Buy-in from Program Staff Was the “Magic Ingredient” that Enabled the Evaluation to Move Forward Smoothly

From the start, New Heights program leadership welcomed the evaluation. Because they had been tracking their results through performance data, program staff had a data-informed confidence that their program was making a difference for teen parents. Still, the program staff needed time to develop confidence in the evaluation team and become convinced that the study design was the most rigorous, unbiased, and best possible for demonstrating program effectiveness. Once program staff understood the design and the evidence that it could provide, they were willing to champion the evaluation within DCPS, DHS, and DOH so that evaluators could acquire the necessary data.

Although a program implementation study had not been planned initially, the growing trust and regular communication between program staff and evaluators enabled them to put an implementation study in place when the opportunity arose. These qualitative research activities, which were ongoing while administrative data were being collected, cleaned, and analyzed, were invaluable in making sense of the impact findings. The impact and implementation findings enabled telling a story of not only whether the program had an impact but why it might have had that impact.

Time Spent by Evaluators to Understand the Program’s Components, Context, and Data Paid Off in a More Useful Evaluation

As they sought to develop an evaluation plan, New Heights program staff and the study team held repeated, extensive conversations in person and via email about the program and the district context. Through these conversations, program staff and evaluators developed a design for a retrospective, rigorous evaluation that was feasible within the local context, time, and budget. One member of the evaluation team reported, “It was through the interaction between the evaluators and the program staff that the research design became something that we could imagine. We initially had modest expectations. But as we talked, the ideas began to flow.”

When the evaluation got underway, DCPS researchers and program staff spent time making sure that the evaluators understood the changing institutional context (such as changes in DCPS policies) to place findings in context. This work included discussions about changes in how administrative data elements were reported, coded, and calculated by DCPS across the eight years of data.

How Programs Can Get Started with Evaluation

Although the use of administrative data substantially reduced the cost of the New Heights evaluation, the study did receive funding from the U.S. Department of Health and Human Services. Programs that do not have these resources could take some of the following steps to get ready to evaluate their effectiveness:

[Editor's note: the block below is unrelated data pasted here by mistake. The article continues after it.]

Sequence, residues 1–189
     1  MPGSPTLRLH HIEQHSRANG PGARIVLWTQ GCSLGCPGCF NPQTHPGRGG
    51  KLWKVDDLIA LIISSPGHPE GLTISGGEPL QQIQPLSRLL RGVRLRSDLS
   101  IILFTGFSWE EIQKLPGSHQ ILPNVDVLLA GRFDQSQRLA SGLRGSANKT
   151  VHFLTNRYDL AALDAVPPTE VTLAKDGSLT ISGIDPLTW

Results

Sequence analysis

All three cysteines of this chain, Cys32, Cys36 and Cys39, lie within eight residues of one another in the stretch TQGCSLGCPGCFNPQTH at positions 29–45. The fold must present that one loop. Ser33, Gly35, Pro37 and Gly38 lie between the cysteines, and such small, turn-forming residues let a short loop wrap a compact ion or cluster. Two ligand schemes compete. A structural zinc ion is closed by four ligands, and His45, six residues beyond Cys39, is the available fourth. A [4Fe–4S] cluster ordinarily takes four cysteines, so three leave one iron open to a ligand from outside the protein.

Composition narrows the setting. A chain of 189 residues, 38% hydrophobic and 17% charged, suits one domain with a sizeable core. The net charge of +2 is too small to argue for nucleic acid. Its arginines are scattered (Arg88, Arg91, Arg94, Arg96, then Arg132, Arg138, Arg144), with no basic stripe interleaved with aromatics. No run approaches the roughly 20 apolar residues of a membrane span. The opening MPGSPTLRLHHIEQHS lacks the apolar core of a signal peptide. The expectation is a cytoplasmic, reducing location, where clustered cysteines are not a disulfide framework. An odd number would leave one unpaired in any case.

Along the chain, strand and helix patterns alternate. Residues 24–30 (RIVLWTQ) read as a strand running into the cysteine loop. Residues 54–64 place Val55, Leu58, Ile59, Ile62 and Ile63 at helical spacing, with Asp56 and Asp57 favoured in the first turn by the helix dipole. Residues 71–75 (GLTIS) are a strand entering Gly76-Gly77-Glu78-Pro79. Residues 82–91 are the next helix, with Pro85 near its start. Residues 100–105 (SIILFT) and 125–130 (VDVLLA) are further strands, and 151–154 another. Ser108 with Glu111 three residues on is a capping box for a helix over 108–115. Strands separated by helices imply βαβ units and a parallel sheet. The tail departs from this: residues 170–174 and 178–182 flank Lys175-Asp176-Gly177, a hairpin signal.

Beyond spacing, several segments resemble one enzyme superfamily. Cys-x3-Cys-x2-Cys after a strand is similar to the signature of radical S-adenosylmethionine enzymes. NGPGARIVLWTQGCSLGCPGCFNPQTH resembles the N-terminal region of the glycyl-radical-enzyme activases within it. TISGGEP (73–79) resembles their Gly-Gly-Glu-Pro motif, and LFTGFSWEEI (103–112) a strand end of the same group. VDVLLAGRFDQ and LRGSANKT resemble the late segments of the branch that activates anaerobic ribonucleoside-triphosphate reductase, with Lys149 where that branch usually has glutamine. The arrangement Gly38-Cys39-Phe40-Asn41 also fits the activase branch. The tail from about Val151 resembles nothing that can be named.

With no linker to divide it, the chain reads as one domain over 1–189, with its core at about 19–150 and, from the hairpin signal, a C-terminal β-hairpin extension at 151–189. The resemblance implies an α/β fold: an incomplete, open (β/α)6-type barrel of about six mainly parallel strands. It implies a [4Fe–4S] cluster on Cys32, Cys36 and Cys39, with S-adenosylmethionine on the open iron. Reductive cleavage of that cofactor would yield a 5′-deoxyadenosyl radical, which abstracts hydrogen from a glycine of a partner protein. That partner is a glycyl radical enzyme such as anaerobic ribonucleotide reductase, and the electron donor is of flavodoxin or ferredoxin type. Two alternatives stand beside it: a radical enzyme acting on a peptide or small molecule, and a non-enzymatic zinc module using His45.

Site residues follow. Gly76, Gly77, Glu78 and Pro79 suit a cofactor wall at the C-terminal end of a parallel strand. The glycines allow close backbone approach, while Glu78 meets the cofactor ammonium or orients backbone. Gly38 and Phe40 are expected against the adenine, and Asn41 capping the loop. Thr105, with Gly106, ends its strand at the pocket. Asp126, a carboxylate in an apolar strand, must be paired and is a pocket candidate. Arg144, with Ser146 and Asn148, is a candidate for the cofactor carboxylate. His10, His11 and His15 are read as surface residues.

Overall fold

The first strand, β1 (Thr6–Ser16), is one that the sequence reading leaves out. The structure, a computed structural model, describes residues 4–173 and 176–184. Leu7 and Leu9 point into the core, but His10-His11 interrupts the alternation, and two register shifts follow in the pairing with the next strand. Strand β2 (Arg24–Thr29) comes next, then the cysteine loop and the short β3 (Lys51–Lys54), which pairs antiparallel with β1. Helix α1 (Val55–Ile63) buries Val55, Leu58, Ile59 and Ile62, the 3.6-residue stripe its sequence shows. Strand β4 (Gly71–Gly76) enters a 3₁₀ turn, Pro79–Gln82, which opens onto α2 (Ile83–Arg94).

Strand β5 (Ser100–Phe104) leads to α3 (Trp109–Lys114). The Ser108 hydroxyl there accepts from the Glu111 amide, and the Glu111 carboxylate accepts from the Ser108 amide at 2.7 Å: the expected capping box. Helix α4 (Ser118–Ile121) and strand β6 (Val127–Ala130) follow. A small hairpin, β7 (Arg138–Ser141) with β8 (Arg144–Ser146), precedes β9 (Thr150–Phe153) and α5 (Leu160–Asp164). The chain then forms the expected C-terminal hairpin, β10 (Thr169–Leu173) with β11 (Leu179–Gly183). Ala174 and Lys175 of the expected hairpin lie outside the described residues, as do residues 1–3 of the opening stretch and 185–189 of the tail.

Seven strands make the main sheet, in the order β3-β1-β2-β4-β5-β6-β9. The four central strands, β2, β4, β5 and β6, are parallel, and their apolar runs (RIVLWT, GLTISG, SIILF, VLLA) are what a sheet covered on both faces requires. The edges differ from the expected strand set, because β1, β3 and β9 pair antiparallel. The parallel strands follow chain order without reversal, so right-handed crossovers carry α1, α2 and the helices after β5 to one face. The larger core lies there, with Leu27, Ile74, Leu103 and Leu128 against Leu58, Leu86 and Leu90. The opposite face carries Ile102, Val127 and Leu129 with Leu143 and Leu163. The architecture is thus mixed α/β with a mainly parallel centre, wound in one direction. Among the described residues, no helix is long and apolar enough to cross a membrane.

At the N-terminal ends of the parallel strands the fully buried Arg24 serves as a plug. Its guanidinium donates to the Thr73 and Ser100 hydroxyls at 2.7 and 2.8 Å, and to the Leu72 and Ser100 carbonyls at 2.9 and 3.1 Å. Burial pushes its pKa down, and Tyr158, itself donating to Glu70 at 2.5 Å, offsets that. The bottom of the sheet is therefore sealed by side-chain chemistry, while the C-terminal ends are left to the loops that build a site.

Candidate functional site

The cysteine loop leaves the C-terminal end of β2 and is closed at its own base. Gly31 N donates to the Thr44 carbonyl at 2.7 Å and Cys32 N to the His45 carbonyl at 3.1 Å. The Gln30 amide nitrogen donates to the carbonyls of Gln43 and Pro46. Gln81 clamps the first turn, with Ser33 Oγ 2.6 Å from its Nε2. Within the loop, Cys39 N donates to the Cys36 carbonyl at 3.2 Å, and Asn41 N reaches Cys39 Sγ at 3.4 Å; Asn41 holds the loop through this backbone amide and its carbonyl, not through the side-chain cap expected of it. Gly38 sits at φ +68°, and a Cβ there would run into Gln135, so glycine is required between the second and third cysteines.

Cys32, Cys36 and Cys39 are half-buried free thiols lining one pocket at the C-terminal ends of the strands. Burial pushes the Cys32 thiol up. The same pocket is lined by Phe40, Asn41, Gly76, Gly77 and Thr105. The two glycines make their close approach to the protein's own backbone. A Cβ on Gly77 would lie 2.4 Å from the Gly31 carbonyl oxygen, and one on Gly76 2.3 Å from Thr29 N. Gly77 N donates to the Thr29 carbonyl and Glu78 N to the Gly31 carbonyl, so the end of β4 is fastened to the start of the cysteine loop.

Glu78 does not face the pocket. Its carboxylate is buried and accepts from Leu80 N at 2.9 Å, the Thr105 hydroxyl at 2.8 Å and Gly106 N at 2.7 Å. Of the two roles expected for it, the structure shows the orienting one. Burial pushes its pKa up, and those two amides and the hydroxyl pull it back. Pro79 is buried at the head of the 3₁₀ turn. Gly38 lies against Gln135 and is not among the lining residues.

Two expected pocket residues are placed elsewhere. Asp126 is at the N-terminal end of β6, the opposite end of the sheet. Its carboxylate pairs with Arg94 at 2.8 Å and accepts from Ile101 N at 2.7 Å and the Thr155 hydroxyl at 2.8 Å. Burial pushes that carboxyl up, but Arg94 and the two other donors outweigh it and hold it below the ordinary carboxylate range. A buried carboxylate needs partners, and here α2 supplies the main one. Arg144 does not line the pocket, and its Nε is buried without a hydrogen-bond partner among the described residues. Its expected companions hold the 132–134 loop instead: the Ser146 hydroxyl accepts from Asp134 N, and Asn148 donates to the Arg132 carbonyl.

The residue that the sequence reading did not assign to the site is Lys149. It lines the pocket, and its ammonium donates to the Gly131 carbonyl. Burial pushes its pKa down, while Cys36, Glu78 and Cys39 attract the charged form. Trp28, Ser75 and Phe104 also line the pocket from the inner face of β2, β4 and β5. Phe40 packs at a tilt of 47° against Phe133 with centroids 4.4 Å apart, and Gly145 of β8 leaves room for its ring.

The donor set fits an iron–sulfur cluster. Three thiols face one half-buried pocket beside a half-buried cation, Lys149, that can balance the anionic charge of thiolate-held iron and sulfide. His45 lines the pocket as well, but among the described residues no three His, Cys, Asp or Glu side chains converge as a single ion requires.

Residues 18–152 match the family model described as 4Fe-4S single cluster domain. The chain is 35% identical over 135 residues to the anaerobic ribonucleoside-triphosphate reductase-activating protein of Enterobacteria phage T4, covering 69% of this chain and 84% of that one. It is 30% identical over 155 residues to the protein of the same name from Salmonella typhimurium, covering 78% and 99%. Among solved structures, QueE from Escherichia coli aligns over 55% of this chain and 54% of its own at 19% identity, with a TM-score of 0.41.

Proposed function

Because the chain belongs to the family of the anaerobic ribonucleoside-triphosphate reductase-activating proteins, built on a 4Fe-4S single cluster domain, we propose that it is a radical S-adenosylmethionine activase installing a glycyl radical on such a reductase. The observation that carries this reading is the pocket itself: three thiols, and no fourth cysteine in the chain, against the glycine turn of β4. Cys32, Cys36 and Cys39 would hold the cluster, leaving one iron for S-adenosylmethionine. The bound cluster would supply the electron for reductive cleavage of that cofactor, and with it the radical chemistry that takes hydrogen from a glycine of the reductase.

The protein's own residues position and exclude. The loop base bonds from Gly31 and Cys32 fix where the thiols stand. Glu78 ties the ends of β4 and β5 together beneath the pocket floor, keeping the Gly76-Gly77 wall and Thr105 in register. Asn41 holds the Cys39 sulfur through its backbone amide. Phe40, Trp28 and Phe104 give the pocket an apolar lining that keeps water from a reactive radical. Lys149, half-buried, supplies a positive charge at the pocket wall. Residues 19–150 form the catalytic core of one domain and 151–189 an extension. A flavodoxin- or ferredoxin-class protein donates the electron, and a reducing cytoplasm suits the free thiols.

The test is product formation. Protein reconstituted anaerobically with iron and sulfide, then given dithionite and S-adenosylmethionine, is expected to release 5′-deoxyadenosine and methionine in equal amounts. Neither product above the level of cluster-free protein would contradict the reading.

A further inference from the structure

• Refine the program’s logic model until it faithfully represents what the program offers and the outcomes it expects to affect. Logic models are a basic building block of evaluation.

  • Take time to learn about the administrative data that is available or might become available. The more that program staff learn about these data—including the data elements, the completeness and quality of the data, and the potential to crosswalk data across agencies—the better prepared they will be to provide this important information to a potential evaluator. This information can help them to assess the feasibility of an evaluation and develop an approach that can work for the program.

  • Consider whether there are elements of the study design used for New Heights that can be copied outright or slightly adapted for the evaluation. There are no copyrights for research designs!

  • Seek inexpensive sources of evaluation assistance, such as graduate students at local universities—or even universities outside of the area. If program staff are able to explain their logic model clearly and provide good detail about available administrative data, they have a good chance of capturing the interest of academic researchers.


In recent years, there has been growing interest in how researchers and program staff can work in partnership to conduct more rigorous research to answer questions that are important for policy and practice. The idea behind these partnerships is that when individuals with a variety of expertise and desire to learn are around the table, the resulting research will be stronger and more relevant. The New Heights study is a concrete example of how that kind of partnership produced evidence of impact for a relatively small program with a modest budget for evaluation. The lessons learned from this study are that creative, cost-effective designs are possible—and also that collaborative relationships between researchers and program staff can enable informative studies to flourish.